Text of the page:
US child homelessness at all-time high
In the United States, one child in every 30 - or 2.5 million children - was homeless in 2013, marking an all-time high, according to a new comprehensive report that blames the country’s high poverty rate and lack of affordable housing, among other causes.
The report, 'America’s Youngest Outcasts,' released by the National Center on Family Homelessness was prepared using the “most recent federal data that comprehensively counts homeless children, using more than 30 variables from over a dozen established data sets.”
The 2.5 million figure is based on the US Department of Education’s count of 1.3 million homeless children in public schools, and estimates of homeless preschool children left out of DOE data.
The National Center on Family Homelessness - part of the private, nonprofit American Institutes for Research - said the top causes of youth homelessness include America’s high poverty rate; lack of affordable housing across the US; the lingering ramifications of the Great Recession; racial disparities; high rates of and challenges that come with single parenting; and the manner in which trauma, especially domestic violence, “precede and prolong homelessness for families.”
From 2012 to 2013, child homelessness in the US went up by eight percent overall, as 31 states and the District of Columbia had increases, according to the report.
“The impact of homelessness on the children, especially young children, is devastating and may lead to changes in brain architecture that can interfere with learning, emotional self- regulation, cognitive skills, and social relationships,” the report stated. “The unrelenting stress experienced by the parents, most of whom are women parenting alone, may contribute to residential instability, unemployment, ineffective parenting, and poor health.”
Carmela DeCandia, director of the National Center on Family Homelessness and co-author of the report, said that the federal government has not made the same progress in reducing child homelessness as it has in combating homelessness among veterans and long-term homeless adults.
"The same level of attention and resources has not been targeted to help families and children," she told AP. "As a society, we're going to pay a high price, in human and economic terms."
With 527,000 homeless children last year, California accounted for more than one-fifth of the overall tally.
The Golden State was third-worst in overall rankings for child homelessness in the US. Only Alabama and Mississippi, respectively, were ranked lower. The rankings were based on the extent of child homelessness in the state; risk factors for child homelessness, i.e. home foreclosure rates, poverty, lack of health insurance, and other economic factors; child well-being; and state policy and planning initiatives.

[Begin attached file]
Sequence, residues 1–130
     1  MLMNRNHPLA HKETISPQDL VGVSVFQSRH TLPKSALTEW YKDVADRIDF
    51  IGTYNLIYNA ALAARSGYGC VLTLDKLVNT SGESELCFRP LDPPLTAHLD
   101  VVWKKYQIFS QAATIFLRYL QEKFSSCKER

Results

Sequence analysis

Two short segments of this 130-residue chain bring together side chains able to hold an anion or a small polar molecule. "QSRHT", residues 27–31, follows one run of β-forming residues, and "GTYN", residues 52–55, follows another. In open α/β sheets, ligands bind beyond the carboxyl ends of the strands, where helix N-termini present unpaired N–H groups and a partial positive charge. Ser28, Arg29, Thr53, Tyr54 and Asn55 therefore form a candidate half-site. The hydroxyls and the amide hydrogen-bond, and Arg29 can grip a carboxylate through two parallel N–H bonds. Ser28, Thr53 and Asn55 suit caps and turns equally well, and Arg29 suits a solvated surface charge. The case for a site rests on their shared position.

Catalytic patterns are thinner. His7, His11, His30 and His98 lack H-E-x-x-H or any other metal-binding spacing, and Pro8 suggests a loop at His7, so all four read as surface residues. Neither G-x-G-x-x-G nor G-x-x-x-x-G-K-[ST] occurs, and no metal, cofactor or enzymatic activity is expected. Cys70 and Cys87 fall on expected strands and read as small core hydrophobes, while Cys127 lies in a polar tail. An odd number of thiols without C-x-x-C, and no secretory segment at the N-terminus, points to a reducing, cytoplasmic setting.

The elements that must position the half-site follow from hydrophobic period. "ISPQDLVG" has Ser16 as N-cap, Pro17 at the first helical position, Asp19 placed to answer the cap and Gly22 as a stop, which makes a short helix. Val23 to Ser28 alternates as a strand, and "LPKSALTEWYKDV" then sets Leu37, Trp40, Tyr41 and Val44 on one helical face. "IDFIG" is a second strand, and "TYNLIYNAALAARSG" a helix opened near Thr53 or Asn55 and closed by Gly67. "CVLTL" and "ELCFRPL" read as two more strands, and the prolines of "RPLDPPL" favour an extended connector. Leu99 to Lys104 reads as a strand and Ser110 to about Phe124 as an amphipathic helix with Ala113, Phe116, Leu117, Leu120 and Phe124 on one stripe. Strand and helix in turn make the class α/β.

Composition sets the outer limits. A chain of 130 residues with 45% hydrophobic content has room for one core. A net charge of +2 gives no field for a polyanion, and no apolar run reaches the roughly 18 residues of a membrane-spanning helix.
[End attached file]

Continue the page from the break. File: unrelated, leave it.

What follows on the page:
Minnesota, Nebraska, and Massachusetts ranked highest based on those measurements.
Shahera Hyatt, director of the California Homeless Youth Project and a former homeless youth herself, told AP she was not surprised by her states’ dismal ranking and high number of homeless kids.
"These terms like 'couch surfing' and 'doubled-up' sound a lot more polite than they are in practice," she said. "For teenagers, it might be exchanging sex for a place to stay or staying someplace that does not feel safe because they are so mired in their day-to-day survival needs."
The report said solutions to youth homelessness must include more affordable housing, education and employment opportunities for homeless parents, and special services for mothers forced into homelessness due to domestic violence.
“Without decisive action and the allocation of sufficient resources, the nation will fail to reach the stated federal goal of ending family homelessness by 2020, and child homelessness may result in a permanent Third World in America,” the report concluded.
Advocates are also pushing the federal government to better account for child homelessness in the US. The new report used Department of Education figures, which include homeless families temporarily staying in motels or with other families or relatives. The US Department of Housing and Urban Development (HUD), meanwhile, only conducts an annual one-day tally of homeless people in shelters, parks, underpasses, vacant lots, and the like. HUD’s latest count, for just one night in January 2013, came to 610,042 homeless people, including 130,515 children.
Critics say HUD’s method drastically underestimates child homelessness, thus negatively impacting potential solutions to the problem.
"Fixing the problem starts with adopting an honest definition," said Bruce Lesley, president of the nonprofit First Focus Campaign for Children, according to AP. "Right now, these kids are sort of left out there by themselves."
Lesley’s group and others have pushed a bill with bipartisan support in Congress that would push HUD to account for homelessness more like the DOE. Yet, the bill does not address increased spending for initiatives that would combat the problem.
"It's often one family living in extreme poverty going to live with another family that was already in extreme poverty," Hyatt said. "Kids have slept in closets and kitchens and bathrooms and other parts of the house that have not been meant for sleeping."